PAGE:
PROTESTS are growing over the government-level decision to push through the Hampton Park II housing scheme in Salisbury.

Wiltshire councillor Bill Moss, who represents Bishopdown, is calling for a judicial review after communities secretary Eric Pickles overturned a planning inspector’s decision Barratt Homes should not be allowed to build 500 homes on the greenfield site.

And MP John Glen plans to raise the issue in the Commons.

Wiltshire Council cabinet member Toby Sturgis was yesterday taking legal advice on whether the decision could be challenged in the High Court.

Cllr Sturgis admitted: “I was fairly amazed by Mr Pickles’ decision. But as far as I am aware we can only seek a judicial review if the correct process has not been followed.”

Mr Glen said he is “very angry” with Mr Pickles, and has written to him saying constituents are “deeply frustrated by the gap between the promises of localism and what they now perceive as a hollow reality”.

He told Mr Pickles that Bishopdown Farm Residents’ Association and Laverstock & Ford Parish Council were not Nimbys, and had worked hard to present “reasoned and reasonable” proposals for a more acceptable scheme.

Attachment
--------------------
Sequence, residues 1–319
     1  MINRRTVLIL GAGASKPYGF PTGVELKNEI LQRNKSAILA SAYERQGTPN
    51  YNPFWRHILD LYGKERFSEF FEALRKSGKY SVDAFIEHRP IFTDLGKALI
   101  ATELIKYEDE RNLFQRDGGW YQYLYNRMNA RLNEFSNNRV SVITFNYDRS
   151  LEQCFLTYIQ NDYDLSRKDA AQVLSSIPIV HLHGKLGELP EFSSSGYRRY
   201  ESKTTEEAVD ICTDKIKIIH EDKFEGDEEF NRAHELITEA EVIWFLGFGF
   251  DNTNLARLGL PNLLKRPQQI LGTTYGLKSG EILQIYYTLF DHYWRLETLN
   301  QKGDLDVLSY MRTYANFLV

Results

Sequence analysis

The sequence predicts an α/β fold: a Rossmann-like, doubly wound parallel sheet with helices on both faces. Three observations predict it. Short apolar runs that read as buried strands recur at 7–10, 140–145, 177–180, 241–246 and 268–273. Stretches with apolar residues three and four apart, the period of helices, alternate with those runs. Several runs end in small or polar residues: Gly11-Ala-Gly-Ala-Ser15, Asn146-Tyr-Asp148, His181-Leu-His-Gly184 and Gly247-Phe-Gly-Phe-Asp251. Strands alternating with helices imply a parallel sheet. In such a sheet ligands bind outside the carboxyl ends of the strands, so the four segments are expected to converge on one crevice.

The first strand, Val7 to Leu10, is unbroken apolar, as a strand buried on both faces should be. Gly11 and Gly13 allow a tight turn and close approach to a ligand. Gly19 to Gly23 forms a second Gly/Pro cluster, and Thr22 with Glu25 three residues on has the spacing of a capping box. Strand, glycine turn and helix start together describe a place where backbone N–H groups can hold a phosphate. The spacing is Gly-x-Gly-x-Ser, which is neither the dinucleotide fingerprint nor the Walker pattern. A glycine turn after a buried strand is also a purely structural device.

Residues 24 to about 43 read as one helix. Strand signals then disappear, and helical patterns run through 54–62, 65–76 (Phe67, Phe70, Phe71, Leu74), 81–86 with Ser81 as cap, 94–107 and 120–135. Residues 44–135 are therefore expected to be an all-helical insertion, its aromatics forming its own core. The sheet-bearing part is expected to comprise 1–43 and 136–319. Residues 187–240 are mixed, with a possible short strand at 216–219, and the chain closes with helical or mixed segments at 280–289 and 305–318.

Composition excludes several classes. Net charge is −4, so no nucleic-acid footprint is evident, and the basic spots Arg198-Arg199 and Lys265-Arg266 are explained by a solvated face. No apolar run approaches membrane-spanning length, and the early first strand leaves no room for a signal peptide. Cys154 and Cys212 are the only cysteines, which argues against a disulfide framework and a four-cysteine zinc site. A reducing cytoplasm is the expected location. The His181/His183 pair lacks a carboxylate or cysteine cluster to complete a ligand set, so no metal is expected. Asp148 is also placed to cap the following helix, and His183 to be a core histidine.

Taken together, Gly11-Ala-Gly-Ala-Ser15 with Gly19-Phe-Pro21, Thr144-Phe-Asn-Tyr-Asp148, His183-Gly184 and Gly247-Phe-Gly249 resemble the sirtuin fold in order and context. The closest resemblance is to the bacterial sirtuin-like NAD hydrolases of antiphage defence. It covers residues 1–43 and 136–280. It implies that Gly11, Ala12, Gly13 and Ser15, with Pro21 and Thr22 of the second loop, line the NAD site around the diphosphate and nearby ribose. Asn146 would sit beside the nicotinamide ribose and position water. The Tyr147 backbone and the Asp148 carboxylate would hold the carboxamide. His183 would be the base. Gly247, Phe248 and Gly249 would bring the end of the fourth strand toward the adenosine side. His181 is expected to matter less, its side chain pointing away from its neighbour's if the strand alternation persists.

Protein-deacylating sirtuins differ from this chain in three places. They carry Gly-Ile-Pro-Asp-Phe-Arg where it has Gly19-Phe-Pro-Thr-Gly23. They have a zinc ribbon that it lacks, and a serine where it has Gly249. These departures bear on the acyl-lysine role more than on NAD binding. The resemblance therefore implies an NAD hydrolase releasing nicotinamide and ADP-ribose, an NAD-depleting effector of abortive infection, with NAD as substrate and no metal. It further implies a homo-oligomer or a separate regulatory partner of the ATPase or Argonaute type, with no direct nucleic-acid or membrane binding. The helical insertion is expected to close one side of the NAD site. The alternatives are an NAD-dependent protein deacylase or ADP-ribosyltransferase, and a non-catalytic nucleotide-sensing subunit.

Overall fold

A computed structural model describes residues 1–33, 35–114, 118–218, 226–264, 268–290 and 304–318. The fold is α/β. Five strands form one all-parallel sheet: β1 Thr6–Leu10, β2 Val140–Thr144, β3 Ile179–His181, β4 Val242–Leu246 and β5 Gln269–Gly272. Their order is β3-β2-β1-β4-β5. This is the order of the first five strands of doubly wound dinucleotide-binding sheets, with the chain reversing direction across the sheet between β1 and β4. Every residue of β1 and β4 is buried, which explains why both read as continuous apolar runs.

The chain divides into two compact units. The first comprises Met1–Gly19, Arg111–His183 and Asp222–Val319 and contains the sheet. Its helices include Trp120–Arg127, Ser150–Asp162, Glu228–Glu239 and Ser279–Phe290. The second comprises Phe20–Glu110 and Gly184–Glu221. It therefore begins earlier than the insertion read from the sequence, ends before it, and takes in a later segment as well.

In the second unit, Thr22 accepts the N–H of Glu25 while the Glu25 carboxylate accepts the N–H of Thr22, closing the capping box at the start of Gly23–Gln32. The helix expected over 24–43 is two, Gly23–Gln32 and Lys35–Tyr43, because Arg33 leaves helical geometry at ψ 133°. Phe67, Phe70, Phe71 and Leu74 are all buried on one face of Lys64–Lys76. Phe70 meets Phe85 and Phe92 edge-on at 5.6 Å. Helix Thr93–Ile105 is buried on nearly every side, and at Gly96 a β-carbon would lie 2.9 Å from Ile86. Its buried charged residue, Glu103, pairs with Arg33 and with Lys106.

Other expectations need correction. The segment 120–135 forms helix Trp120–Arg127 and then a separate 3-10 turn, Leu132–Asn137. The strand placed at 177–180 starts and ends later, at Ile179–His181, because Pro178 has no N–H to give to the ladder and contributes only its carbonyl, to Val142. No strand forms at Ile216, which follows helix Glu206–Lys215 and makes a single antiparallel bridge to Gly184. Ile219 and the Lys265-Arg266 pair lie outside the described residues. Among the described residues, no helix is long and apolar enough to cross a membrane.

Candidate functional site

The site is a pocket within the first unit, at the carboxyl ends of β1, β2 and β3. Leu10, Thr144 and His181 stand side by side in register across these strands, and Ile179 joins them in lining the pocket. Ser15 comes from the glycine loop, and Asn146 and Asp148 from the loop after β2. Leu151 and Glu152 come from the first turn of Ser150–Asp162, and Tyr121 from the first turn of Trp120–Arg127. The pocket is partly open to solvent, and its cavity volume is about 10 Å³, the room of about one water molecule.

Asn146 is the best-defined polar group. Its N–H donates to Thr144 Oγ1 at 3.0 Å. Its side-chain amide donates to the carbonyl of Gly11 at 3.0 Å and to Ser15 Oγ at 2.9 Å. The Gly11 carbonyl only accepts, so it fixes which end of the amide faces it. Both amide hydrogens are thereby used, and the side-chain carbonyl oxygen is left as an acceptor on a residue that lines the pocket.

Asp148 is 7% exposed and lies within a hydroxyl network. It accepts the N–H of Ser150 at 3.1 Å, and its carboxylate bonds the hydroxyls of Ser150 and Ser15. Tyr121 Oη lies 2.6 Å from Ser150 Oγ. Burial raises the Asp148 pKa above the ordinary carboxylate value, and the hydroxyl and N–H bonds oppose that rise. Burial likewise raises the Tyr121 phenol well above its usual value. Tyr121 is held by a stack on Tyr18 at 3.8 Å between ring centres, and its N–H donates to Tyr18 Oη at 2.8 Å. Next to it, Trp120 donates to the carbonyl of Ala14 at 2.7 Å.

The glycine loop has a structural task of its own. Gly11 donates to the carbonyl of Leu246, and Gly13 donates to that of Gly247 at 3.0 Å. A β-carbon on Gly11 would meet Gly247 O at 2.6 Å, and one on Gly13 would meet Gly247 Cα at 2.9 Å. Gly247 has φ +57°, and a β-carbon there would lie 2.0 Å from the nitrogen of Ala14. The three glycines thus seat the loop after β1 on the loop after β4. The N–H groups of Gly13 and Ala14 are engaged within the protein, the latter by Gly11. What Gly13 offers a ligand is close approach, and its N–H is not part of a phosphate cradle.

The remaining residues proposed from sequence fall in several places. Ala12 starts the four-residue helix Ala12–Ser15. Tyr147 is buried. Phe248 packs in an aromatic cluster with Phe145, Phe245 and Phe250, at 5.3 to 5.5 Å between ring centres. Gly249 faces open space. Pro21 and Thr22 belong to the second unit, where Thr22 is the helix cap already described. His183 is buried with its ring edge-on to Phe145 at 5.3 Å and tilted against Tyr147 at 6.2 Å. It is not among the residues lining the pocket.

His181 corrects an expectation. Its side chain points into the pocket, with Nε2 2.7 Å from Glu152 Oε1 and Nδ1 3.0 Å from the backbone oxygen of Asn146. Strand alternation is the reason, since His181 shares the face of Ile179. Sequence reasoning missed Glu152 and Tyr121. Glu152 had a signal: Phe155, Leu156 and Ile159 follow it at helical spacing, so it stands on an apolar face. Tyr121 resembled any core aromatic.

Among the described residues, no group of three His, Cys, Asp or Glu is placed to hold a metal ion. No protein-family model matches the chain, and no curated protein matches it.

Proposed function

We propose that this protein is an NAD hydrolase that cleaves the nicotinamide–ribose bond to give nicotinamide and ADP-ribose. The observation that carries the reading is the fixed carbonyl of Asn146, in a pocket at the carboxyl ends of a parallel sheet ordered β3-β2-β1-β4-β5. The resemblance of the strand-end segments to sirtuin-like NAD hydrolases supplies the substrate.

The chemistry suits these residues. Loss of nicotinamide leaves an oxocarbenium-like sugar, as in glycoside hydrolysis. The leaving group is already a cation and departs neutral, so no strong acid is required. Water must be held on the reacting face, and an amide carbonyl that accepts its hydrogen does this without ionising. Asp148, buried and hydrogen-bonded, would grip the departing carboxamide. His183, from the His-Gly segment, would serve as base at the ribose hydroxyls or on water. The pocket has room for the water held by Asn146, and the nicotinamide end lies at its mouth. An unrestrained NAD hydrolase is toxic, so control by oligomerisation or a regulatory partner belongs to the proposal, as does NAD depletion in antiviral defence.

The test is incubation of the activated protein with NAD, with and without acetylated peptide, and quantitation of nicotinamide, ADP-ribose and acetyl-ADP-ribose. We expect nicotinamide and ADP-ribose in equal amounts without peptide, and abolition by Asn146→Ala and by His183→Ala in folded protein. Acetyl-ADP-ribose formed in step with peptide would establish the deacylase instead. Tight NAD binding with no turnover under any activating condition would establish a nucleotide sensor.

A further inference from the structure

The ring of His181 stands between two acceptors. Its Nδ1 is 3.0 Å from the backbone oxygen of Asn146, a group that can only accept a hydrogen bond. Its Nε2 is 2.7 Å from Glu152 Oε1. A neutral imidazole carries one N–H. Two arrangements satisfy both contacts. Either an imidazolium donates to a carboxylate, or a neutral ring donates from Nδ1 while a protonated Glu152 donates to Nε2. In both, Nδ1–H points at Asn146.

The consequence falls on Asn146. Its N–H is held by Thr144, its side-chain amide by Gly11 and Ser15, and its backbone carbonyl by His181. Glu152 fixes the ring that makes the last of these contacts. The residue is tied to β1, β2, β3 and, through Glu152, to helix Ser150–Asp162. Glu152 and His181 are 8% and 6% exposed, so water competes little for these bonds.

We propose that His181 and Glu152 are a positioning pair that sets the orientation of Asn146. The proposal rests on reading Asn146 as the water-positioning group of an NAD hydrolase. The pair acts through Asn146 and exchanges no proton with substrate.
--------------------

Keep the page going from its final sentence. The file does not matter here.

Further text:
Laverstock & Ford’s councillor Ian McLennan urged residents to focus on keeping the 40mph limit on Pearce Way.

It could be a “deal breaker”, he said, because it is a condition of planning permission that building cannot start unless the limit is reduced to 30mph.

That will require a traffic regulation order and traffic calming measures, for which Wiltshire Council will have to consult the public.

If there are mass objections, he said, “Wiltshire would have a real difficulty in going against the will of the people”.

Mr Pickles justified his decision by saying there was no Core Strategy in place for south Wiltshire to prescribe where development should go.

A strategy is close to completion, and is with council officers for final fact-checking.